- Effect of the Federal successes of 1863 on the Northern elections. -- estimate in the Richmond newspapers of the Democratic alliance in the North. -- losses of the Democratic party in the elections of 1863. -- President Lincoln's triumph. -- his administration strengthened. -- it ventures to New lengths. -- arrest of Mr. Vallandigham. -- protests of the Democratic party. -- their worthless and ridiculous character. -- New and vigorous measures of war at Washington. -- scarcity of men and of food, the two concerns at Richmond. -- meagre results of the conscription law. -- an alarming statement from the Confederate Secretary of war. -- diminution of subsistence in the Confederacy. -- suffering among the people and army.History of the Confederate commissariat. -- report of the meat supplies in the Confederacy in January, 1862. -- effect of the campaigns in Kentucky and Tennessee on the question of subsistence. -- proposition to get meat through the enemy's lines. -- obstinate objections of President Davis. -- his mania about cotton. -- the Confederate States drained of meat in the second year of the war. -- statement of Commissary Northrop. -- attempt to get supplies through the blockade. -- how mismanaged. -- the Crenshaw contract. -- small yield of impressments. -- the whole Confederate policy of subsistence a failure. -- an extraordinary device of Secretary Seddon. -- how it played into the hands of speculators. -- reflection upon the want of the commercial or business faculty in the Southern mind. -- a stock of childish expedients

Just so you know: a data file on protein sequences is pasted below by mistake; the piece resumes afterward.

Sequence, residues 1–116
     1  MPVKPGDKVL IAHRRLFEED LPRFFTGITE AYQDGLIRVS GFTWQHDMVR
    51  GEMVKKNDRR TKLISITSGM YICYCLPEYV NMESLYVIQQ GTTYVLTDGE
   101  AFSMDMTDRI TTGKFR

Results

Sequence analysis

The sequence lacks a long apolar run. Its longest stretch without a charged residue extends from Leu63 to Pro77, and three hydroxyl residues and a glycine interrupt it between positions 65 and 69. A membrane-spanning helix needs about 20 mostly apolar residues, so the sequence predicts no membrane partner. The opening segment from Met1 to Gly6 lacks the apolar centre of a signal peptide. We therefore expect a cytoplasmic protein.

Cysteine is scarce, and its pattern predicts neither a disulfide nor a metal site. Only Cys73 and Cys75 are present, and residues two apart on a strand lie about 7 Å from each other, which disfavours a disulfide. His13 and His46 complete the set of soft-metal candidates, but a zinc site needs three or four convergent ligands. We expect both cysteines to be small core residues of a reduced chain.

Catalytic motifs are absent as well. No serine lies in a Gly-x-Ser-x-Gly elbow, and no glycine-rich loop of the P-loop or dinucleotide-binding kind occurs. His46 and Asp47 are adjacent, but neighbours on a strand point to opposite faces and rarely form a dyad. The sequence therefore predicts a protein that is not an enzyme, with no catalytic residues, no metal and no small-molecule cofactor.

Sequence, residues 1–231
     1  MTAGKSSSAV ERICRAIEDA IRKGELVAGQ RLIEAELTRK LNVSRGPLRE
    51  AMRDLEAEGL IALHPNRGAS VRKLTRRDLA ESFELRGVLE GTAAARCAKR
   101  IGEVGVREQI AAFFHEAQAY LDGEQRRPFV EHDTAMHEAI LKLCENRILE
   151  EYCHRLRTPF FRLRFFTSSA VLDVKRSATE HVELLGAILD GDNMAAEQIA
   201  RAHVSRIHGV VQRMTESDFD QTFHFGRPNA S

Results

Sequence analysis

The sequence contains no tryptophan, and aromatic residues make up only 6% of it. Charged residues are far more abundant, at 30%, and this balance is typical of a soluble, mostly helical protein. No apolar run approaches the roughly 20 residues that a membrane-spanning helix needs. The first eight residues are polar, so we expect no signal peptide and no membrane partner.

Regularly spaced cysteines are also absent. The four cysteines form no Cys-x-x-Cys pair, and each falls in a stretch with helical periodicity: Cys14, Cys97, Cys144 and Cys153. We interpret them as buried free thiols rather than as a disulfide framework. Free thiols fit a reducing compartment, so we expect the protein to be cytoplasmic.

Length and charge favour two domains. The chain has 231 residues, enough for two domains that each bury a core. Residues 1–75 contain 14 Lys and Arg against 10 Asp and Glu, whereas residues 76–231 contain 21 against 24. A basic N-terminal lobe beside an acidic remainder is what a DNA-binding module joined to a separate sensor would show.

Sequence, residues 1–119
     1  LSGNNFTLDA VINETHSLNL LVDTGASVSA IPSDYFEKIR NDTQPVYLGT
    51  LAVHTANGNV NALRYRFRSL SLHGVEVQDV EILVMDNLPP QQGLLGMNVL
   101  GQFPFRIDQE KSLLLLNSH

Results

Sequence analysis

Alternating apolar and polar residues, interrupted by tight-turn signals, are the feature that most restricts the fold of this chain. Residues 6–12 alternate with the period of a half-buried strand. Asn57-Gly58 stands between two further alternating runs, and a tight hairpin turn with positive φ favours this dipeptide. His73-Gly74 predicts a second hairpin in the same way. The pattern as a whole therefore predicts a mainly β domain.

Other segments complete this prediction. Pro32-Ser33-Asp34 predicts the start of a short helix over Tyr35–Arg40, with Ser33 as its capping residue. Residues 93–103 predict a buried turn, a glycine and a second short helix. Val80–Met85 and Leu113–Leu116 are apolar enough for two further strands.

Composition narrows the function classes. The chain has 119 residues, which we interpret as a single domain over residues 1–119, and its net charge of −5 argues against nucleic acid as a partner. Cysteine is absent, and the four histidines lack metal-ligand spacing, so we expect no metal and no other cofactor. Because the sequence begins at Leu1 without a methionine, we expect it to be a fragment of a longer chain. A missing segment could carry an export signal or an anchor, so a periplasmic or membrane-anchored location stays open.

The Federal successes of 1863 produced a well-defined effect upon political parties in the North, and the elections there of this year were in remarkable contrast to those of 1862. It is significant of the little virtue of all the political organizations of the North during the time of the war that opposition to the administration at Washington was checked at every success of its arms, and declined in exact proportion as its military power ascended. The weak instinct of politicians readily took to the stronger side; and although there was a large party in the Confederacy that looked for a certain co-operation of the Democratic party in the North, it was readily understood by the intelligent that that co-operation was only to be obtained by making the Confederate side the stronger, by increasing the prospects of its success by victories in the field — in short, that the only  hope of peace for the South was in the vigour of her resistance and the pressure of the enemy's necessities. This estimate of the Democratic alliance in the North was plainly enough stated in the Richmond journals and put in very blunt English. In anticipation of the elections of 1863, the Richmond Enquirer said: “It is nothing to us which of their factions may devour their ‘ spoils;’ just as little does it signify to us whether they recover or do not recover that constitutional liberty which they so wantonly threw away in the mad pursuit of Southern conquest and plunder. But it is of the utmost importance to us to aid in stimulating disaffection among Yankees against their own government, and in demoralizing and disintegrating society in that God-abandoned country. We can do this only in one way-namely, by thrashing their armies and carrying the war to their own firesides. Then, indeed, conscientious constitutional principles will hold sway; peace platforms will look attractive; arbitrary arrests will become odious, and habeas corpus be quoted at a premium. This is the only way we can help them. In this sense and to this extent, those Democrats are truly our allies, and we shall endeavour to do our duty by them.” The Democratic party in the North went into the fall elections of 1863 on the issue of a general opposition to the Lincoln Administration; at the same time promising a vigorous “constitutional” prosecution of the war. The result was a triumph of the Administration from Minnesota to Maine; the Democrats were everywhere defeated; and the significance of this defeat was that opposition to the authorities at Washington had been subdued either by the strong hand of lawless power or by the appliance of selfish arguments, that they had no longer anything to fear, and that the overthrow of free government in the North was complete. President Lincoln wrote that “the crisis was past.” The elections of 1863 had given him, as it were, a carte blanche for his government. Certainly no more striking illustration could be given of this fact than the arrest and exile of Mr. Vallandigham, who was probably the most talented and prominent representative of the so-called “peace party” in the North, and had stood as Democratic candidate for Governor of Ohio. This single act of the Washington Administration is sufficient illustration of the license it had now assumed in the insolent and giddy moments of military success, and the lengths to which it now dared to go in defying the Constitution, and involving the liberties of its own people with the designs of the war.1  It is true that the outrage upon Mr. Vallandigham, and, through him, upon. the whole body of American liberties, was the occasion of some forcible  expressions of public indignation. A Democratic meeting in New Jersey resolved “that in the illegal seizure and banishment of the Hon. C. L.  Vallandigham, the laws of the country have been outraged, the name of the United States disgraced, and the rights of every citizen menaced, and  that it is now the duty of a law-respecting people to demand cf the Administration that it at once and forever desist from such deeds of despotism  and crime.” To a meeting in Philadelphia, Mr. Fernando Wood wrote: “Do not let us forget that those who perpetrate such outrages as  the arrest and banishment of Mr. Vallandigham do so as necessary war measures. Let us, therefore, strike at the cause and declare for peace and  against the war.” But these protests were within narrow limits; they effected nothing; they were absolutely worthless. The savage wit of  John Mitchel in Richmond had this reply in one of its journals: “This would sound very well if the said ‘ declaring for peace ’ could have any  effect whatever in bringing about peace. If a man in falling from a tower could arrest his fall by declaring against it, then the declarations of Democrats  against the war might be of some avail. As it is, they resemble that emphatic pronouncement of Mr. Washington Hunt: ‘ Let it be proclaimed  upon the house-tops that no citizen of New York shall be arrested without process of law.’ There is no use in bawling from the house-tops what  everybody knows to be nonsense. ... Demand, quotha . The starling that Mr. Sterne saw in the cage said only ‘ I can't get out.’ It  would have been more ‘manly’ to scream-‘ I demand to get out; I proclaim on the house-tops that I will get out.’ ” While thus “the strong government” at Washington had grasped the liberties of the country, it promised a fresh infusion of vigour in the war. It increased its army; it exhibited, as its strength on the water, a navy of nearly six hundred vessels, seventy-five of which were iron-clads or armoured steamers; and it made preparations for the prosecution of hostilities which were alarming enough by the side of the now rapidly decreasing resources of the Southern Confederacy. The Congress which assembled at Richmond in the winter of 1863, was immediately and anxiously occupied with the decrease of our armies, and the yet more alarming diminution of our subsistence. These two concerns engaged all the resources and ingenuity of its legislation. It was said that the war had become a question of men and of food. The conscription law had disappointed expectation. When the first measure was passed, limited to the ages of eighteen and thirty-five, it was estimated that even, that partial call would yield eight hundred thousand men. A very simple arithmetical process will disclose this number. The free population of the several States of the Confederacy not wholly occupied by the enemy was at the time of the passage of the first act of  conscription (1862) as follows, giving only fractions of the population for those States partially overrun by the enemy: